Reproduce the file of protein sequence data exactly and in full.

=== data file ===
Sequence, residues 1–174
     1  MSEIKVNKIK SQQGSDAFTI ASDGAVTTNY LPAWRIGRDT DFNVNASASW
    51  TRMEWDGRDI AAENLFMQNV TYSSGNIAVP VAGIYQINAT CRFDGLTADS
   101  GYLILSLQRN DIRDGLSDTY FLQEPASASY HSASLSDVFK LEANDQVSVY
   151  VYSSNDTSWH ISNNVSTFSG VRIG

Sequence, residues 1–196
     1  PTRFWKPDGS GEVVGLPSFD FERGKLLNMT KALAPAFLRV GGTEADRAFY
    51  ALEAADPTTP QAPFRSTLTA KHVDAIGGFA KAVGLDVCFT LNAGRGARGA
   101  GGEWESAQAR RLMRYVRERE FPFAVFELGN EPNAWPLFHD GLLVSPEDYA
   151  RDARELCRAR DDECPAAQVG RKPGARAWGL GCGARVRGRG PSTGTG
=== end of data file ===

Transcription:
Sequence, residues 1–174
     1  MSEIKVNKIK SQQGSDAFTI ASDGAVTTNY LPAWRIGRDT DFNVNASASW
    51  TRMEWDGRDI AAENLFMQNV TYSSGNIAVP VAGIYQINAT CRFDGLTADS
   101  GYLILSLQRN DIRDGLSDTY FLQEPASASY HSASLSDVFK LEANDQVSVY
   151  VYSSNDTSWH ISNNVSTFSG VRIG

Sequence, residues 1–196
     1  PTRFWKPDGS GEVVGLPSFD FERGKLLNMT KALAPAFLRV GGTEADRAFY
    51  ALEAADPTTP QAPFRSTLTA KHVDAIGGFA KAVGLDVCFT LNAGRGARGA
   101  GGEWESAQAR RLMRYVRERE FPFAVFELGN EPNAWPLFHD GLLVSPEDYA
   151  RDARELCRAR DDECPAAQVG RKPGARAWGL GCGARVRGRG PSTGTG